The soft-peg has lost close to five billion US dollars in forex assets as the extra note issue (excess liquidity) was redeemed against a peg (weak side convertibility undertaking).

There have been outright reserve appropriations also to repay sovereign bonds for which book entry domestic asset purchases were made. (Sri Lanka’s Rs213bn money printing to repay foreign debt: Treasury Secretary explains)

The central bank’s note issue (the monetary base) was 1.07 trillion rupees in June and net foreign assets the equivalent of 306 billion rupees in June. Sri Lanka’s monetary meltdown will accelerate unless quick action is taken: Bellwether


By July net foreign assets would fall to very low levels analysts have said.

Analysts who closely track the central bank have warned against looming quasi fiscal losses when foreign liabilities exceed assets.


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A Reserve Handout

To create a credible currency board, some benevolent person will have to give billions of dollars to cover the existing monetary base.

“So if we are to convert Sri Lana’s central bank into a currency board today one thing we have to do is to infuse new dollar balances to central bank holdings,” Wijewardena said.

“That we cannot do unless we are being supported by some foreign country. China will give us 10 billion US dollars and we would be able to move back to a currency board.”

IMF has given a free 800 million dollar reserve asset which can potentially be used to create a currency board, through strictly speaking special drawing rights are not net foreign assets as the SDR holding (assets) is balanced by an SDR allocation (liability).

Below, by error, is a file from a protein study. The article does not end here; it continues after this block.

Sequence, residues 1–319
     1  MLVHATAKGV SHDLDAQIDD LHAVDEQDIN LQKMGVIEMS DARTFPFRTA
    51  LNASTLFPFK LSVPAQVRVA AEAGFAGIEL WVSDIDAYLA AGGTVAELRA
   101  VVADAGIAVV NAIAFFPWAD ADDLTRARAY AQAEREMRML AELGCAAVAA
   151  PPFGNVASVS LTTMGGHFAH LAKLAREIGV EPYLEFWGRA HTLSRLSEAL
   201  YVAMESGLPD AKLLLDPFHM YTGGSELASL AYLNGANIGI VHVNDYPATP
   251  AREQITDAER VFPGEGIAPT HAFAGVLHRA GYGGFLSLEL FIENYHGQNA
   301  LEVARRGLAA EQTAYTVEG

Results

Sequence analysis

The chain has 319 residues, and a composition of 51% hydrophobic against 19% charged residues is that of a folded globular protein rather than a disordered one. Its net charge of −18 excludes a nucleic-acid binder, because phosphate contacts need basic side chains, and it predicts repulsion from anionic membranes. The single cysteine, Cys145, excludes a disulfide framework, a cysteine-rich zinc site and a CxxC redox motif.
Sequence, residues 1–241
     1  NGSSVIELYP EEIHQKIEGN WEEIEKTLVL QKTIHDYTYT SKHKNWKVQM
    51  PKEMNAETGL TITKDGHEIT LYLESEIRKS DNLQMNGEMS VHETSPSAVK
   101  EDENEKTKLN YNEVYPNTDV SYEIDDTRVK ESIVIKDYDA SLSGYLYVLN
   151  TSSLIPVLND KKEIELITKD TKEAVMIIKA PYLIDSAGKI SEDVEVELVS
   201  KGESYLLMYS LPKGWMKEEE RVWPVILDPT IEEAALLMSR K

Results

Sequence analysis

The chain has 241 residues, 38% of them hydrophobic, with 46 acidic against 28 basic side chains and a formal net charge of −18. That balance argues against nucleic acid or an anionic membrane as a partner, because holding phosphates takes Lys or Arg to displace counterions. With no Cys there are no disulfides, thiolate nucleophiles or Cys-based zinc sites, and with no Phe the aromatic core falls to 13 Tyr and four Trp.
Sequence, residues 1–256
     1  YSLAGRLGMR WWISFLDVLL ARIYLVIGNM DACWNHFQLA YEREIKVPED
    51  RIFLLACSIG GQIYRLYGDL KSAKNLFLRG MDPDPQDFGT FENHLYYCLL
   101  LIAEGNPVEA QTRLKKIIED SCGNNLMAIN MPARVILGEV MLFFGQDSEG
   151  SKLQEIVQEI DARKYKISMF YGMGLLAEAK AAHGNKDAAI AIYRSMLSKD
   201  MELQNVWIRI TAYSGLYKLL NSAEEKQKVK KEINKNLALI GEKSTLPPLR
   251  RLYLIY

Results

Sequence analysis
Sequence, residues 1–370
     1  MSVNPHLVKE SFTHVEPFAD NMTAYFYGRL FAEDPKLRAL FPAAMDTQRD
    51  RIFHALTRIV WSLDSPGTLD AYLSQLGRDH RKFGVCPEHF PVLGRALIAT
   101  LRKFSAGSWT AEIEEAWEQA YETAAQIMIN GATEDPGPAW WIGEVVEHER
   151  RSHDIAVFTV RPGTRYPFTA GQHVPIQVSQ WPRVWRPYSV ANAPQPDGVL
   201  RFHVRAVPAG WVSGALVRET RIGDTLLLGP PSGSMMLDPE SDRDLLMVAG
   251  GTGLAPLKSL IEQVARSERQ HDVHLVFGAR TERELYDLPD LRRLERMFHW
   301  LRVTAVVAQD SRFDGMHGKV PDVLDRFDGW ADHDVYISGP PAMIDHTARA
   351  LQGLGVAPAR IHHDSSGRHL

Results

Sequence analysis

IMF allocates new SDR tranche, Sri Lanka to get US$800mn equivalent

To create a currency board at 250 to the US dollar with a 20 percent haircut about 5 billion US dollars would be needed, analysts say.

Wijewardena said from 2001 to 2004, through central bank reforms an attempt was made to mimic a currency board.

Most high performing East Asian nations (other than Hong Kong, Macau, Brunei, which have true currency boards and Singapore which has a modified one with an appreciating peg) operate systems which are tighter than currency board with foreign reserves in excess of reserve money.

Sri Lanka has been battered by a so-called ‘exchange rate flexibility’ advocated by the International Monetary Fund, involving ‘now-you-give-convertibility-now-you-don’t-policy’ unlike credible consistent convertibility that is available through unsterilized interventions of a currency board.

When all else failed in Argentina the IMF had also allowed a currency board rule for unsterilized interventions for what was quaintly called a disorderly market conditions (DMC) outside a ‘non-interventions’ zone in the latest (2018) monetary collapse.

“In the event the currency were to move outside of this zone, the BCRA would have the option (but not a commitment) to announce a competitive auction to either buy or sell up to US$150 million per day,” the IMF said in its 2018 program giving into ‘fear of floating’, soft-peggers are well-known for.

“The central bank is committed to ensuring that all FX purchases/sales are unsterilized, which would result in an expansion/contraction of base money (i.e. base money would grow at a faster/slower rate than the announced monthly targets).” (Colombo/Aug27/2021)